Join creative marketing guru Lisa Jacobs for three in-depth sessions on how to use Etsy® as as it’s meant to be used - as a sales platform.  

Session 1: Build an Etsy® Storefront That Sells
You’ll learn:

  • What it takes to get your Etsy® shop found online
  • How to avoid common Etsy® mistakes that are hurting your sales
  • How to fine-tune your storefront to attract visitors and convert them into buyers
You’ll learn to give your business new energy, especially if you’re struggling to stand out in the crowded online marketplace or dealing with long droughts without a sale.

Session 2: Market Your Etsy® Shop to Sold-out Success
You’ll learn:

  • Talk about your product in a way that gets people excited to buy
  • How to gain big exposure for your brand and products
  • How to create a consistent business plan with predictable results
Get paying customers to your Etsy® storefront using simple, proven marketing strategies. No far-fetched theories, generalized blanket statements, or big business comparisons here - just specific, direct training for creative business owners.

Session 3: Advertising for Creative Business Owners

You’ll learn:

  • How and when to build an ad campaign into your marketing strategy
  • How to create a successful ad campaign that attracts the right customers
  • Where and how to advertise your products
Etsy® is a great sales platform, but only as long as you are able to get the word out about your brand and your products. Build a successful advertising campaign into your marketing strategy, and bring your small business to new customers.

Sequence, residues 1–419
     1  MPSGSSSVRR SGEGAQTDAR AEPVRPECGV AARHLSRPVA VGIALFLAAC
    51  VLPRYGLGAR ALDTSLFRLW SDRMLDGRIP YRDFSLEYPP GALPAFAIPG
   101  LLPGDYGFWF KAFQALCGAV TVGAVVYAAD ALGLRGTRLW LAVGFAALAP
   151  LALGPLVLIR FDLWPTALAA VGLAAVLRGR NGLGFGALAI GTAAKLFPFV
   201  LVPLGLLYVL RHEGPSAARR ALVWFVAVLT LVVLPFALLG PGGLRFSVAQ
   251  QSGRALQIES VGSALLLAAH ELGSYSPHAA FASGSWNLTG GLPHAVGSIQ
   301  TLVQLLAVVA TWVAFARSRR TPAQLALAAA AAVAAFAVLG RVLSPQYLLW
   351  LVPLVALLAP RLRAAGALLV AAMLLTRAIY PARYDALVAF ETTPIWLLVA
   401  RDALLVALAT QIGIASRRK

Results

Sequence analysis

Reviews

  • The course was really practical and organized very well. Each day built on the previous day and had solid, actionable recommendations. I am just starting my Etsy shop and feel like I have a plan for moving forward with some confidence. Lisa is charming and very real and her enthusiasm for supporting businesses is engaging and very encouraging. She wants us to be part of the tribe and I appreciate that! Thanks Lisa and everyone at Creative Live for more great "Mini B-school" lessons that I can use for my online business.
  • Thank you thank you thank you! I have been going about the "daily scramble" for years - with ups and downs along the way and this course has been a true eye opener for me. The message of consistency and brand cohesion as well as deep respect for my customers will surely stay with me and help my business continue to grow. No matter what stage you are at in your creative business, Lisa has something great to teach! Highly recommended!
  • This class was amazing!! The first day covered changing your Etsy storefront. This was my favorite day, as it talked about product photography in a very basic, replicable way. The best part was that it was all DIY. I have been told for so long to sub out photography to a professional, but this class is all about investing in yourself. It is so empowering to know how to do these things YOURSELF. We then spent the afternoon talking about SEO tips and tweaks. I can't wait to implement these in my own shop. I fee like this information is not clear anywhere online. The marketing aspect was great, and is about exposing your vulnerability and connecting with an audience. Lastly, you learn a SYSTEM that you can replicate time and time again. It goes through the entire calendar year. The cherry on-top was the last day-- advertising. I can't wait to try out advertising once I have the first two areas complete. This course is not gimmicky in any way, and teaches you a very honest approach to connect with potential customers. Awesome instructor-- to the point and thoughtful.